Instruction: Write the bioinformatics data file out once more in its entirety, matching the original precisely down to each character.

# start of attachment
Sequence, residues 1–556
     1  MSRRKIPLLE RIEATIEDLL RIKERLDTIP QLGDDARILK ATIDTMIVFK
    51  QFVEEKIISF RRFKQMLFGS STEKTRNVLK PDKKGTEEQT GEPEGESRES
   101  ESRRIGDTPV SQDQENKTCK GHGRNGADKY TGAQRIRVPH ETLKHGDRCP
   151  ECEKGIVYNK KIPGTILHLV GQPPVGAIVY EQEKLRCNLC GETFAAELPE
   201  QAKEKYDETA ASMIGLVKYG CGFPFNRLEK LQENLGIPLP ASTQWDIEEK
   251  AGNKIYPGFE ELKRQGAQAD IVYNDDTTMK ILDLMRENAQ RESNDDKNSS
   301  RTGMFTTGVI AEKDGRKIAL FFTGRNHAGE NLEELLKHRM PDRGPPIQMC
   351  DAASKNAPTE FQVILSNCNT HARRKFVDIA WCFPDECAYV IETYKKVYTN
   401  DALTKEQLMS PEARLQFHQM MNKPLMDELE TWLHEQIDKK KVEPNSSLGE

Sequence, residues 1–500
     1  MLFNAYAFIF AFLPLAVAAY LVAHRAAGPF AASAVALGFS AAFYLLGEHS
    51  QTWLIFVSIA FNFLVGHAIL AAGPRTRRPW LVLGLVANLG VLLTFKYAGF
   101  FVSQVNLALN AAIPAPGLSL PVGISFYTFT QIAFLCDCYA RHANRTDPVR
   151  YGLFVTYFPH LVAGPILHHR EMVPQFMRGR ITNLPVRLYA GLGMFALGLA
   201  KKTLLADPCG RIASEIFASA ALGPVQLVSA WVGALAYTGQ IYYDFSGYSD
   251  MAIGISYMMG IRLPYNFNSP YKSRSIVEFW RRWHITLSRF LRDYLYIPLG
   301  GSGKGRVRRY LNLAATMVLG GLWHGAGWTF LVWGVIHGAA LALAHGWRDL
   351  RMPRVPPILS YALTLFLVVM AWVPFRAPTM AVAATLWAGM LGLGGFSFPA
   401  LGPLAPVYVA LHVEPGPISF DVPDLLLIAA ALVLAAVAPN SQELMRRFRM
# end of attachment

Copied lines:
Sequence, residues 1–556
     1  MSRRKIPLLE RIEATIEDLL RIKERLDTIP QLGDDARILK ATIDTMIVFK
    51  QFVEEKIISF RRFKQMLFGS STEKTRNVLK PDKKGTEEQT GEPEGESRES
   101  ESRRIGDTPV SQDQENKTCK GHGRNGADKY TGAQRIRVPH ETLKHGDRCP
   151  ECEKGIVYNK KIPGTILHLV GQPPVGAIVY EQEKLRCNLC GETFAAELPE
   201  QAKEKYDETA ASMIGLVKYG CGFPFNRLEK LQENLGIPLP ASTQWDIEEK
   251  AGNKIYPGFE ELKRQGAQAD IVYNDDTTMK ILDLMRENAQ RESNDDKNSS
   301  RTGMFTTGVI AEKDGRKIAL FFTGRNHAGE NLEELLKHRM PDRGPPIQMC
   351  DAASKNAPTE FQVILSNCNT HARRKFVDIA WCFPDECAYV IETYKKVYTN
   401  DALTKEQLMS PEARLQFHQM MNKPLMDELE TWLHEQIDKK KVEPNSSLGE

Sequence, residues 1–500
     1  MLFNAYAFIF AFLPLAVAAY LVAHRAAGPF AASAVALGFS AAFYLLGEHS
    51  QTWLIFVSIA FNFLVGHAIL AAGPRTRRPW LVLGLVANLG VLLTFKYAGF
   101  FVSQVNLALN AAIPAPGLSL PVGISFYTFT QIAFLCDCYA RHANRTDPVR
   151  YGLFVTYFPH LVAGPILHHR EMVPQFMRGR ITNLPVRLYA GLGMFALGLA
   201  KKTLLADPCG RIASEIFASA ALGPVQLVSA WVGALAYTGQ IYYDFSGYSD
   251  MAIGISYMMG IRLPYNFNSP YKSRSIVEFW RRWHITLSRF LRDYLYIPLG
   301  GSGKGRVRRY LNLAATMVLG GLWHGAGWTF LVWGVIHGAA LALAHGWRDL
   351  RMPRVPPILS YALTLFLVVM AWVPFRAPTM AVAATLWAGM LGLGGFSFPA
   401  LGPLAPVYVA LHVEPGPISF DVPDLLLIAA ALVLAAVAPN SQELMRRFRM